Now what the American people need to know is that this is not the only national emergency we face right now. There are many others. Take the so called “Dreamers” who came here illegally and were given a reprieve by the Fake President Obama, who was not even born in this country. They too are trying to destroy our country and take it over . We know who they are and where they live. Low hanging fruit. Get ‘em. 

Audience goes crazy.

And there  are a lot more of these lowlifes, almost  20 million illegal immigrants. Now I know that some say only 11 million, but I know there are 20 million, and until each and every one is locked up and put in jail, America won’t be safe. We will continue to be in a state of National Emergency unlike anything the world has seen, and it is going to stay that way until all these no good , illegal immigrants  are out of the country or locked up. All of them. That is why I am recalling almost all of our military who are wasting their time overseas in shithole countries supposedly defending our country against a friend like Russia or North Korea. They will return home, build new prisons,  and lock these people up. I am  transferring another $500 billion from worthless agencies like EPA, HHS, and HUD for this purpose. In fact because of the emergency I am closing them down.” 

More cheers

So this is a great day for America and a great day for me, the greatest president of the United States, ever. I will fight and fight and fight until all national emergencies are over, and that is likely to take a very long, long time.

Thank you. 

Joyous bedlam erupts. Chants of “lock her up, lock her up, lock her up.” National Guard moves in.

Trips Taken, Lessons Learned

It turns out that this year may be an over-the-top, travel year for the Howells, perhaps even surpassing the 2015 around-the-world-no-airplanes adventure. All the credit goes to Embry. I am just a tagalong. Next trips—the Baltic countries this summer when Embry will be joining a choir tour and then a cruise in the fall starting in Ft. Lauderdale, going through the Panama Canal, and ending up in Rio 35 days later with about a dozen stops for excursions in coastal, South American cities. I suppose the motivation behind this is “better do it now, when you can,” which at our advanced ages probably has merit.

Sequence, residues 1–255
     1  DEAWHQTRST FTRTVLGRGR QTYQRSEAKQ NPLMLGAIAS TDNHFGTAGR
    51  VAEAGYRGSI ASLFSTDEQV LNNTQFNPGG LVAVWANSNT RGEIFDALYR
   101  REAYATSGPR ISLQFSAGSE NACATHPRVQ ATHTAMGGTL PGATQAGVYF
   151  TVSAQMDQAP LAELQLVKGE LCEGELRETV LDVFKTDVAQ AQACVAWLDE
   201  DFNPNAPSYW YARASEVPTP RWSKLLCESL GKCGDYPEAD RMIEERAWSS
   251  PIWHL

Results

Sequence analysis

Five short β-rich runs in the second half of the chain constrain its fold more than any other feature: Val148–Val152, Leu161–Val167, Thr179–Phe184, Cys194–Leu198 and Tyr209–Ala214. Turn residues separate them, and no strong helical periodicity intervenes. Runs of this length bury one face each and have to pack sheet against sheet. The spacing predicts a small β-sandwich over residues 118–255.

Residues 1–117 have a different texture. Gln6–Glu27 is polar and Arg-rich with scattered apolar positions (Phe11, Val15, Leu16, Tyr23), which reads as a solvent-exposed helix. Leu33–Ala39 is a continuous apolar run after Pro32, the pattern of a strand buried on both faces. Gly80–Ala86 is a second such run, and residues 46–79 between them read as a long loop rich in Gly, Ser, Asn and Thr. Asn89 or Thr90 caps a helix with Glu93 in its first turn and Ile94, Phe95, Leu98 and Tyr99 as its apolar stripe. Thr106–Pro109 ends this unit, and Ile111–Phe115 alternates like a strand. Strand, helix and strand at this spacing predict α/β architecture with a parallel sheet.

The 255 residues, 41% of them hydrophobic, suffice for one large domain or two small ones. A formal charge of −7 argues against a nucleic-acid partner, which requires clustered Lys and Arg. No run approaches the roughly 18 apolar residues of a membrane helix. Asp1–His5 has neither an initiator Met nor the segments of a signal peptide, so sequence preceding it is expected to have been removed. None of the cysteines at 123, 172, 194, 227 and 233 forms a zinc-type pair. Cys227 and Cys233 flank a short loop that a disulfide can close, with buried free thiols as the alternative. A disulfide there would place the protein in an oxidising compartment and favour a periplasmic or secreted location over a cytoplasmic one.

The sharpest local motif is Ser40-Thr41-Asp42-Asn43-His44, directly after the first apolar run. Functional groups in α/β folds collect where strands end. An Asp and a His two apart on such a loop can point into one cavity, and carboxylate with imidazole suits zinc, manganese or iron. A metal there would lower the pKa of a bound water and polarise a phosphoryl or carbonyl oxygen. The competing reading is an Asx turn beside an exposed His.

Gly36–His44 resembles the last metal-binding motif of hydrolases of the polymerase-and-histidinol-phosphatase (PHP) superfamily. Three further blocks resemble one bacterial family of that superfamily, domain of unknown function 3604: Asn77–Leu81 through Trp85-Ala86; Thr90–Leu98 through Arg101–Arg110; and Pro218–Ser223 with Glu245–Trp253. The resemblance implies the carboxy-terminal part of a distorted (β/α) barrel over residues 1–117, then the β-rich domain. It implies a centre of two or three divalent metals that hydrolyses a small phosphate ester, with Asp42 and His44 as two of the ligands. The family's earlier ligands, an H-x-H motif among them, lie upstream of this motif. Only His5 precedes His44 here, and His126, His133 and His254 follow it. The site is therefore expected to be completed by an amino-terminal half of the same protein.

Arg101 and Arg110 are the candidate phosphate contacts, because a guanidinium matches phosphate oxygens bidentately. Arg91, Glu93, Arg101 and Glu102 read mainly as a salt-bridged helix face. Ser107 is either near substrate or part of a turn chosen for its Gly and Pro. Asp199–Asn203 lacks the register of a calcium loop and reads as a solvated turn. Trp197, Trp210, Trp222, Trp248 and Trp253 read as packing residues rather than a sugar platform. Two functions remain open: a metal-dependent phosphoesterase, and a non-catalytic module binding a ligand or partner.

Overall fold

So the question of the day is do people learn anything from  travel. The answer, for me anyway, is “yes” and here some of the lessons that I have learned:

  • Despite our ordeal getting home from Perth, Australia, involving 23 hours in flight and crossing 11 time zones, the world is actually a pretty small place. It is also pretty fragile as most of us are aware as we watch the effects of climate change. Globalism is present almost everywhere.  What happens in China and India in the future, for example, will affect us in the U.S. since we breathe the same air. (And the air is already pretty bad in both countries.) In fact they hold the hole cards since about half the world’s population lives in these two countries. We are all linked together on this small, blue planet and damn well better figure out a better way to live together and take better care of the environment, or it’s curtains for all of us.
  • People are the same all over the world. By that I mean good and bad, though in my experience, I think, mostly good. We are all humans and subject to the human condition. People who were once our mortal enemies become friends and vice versa. The people we have fought and hated in past years treated us on our travels with kindness and respect—Germans, Russians, Chinese, Japanese, Vietnamese, Italians, and Cambodians. If only we could just skip the wars and move on as friends forever.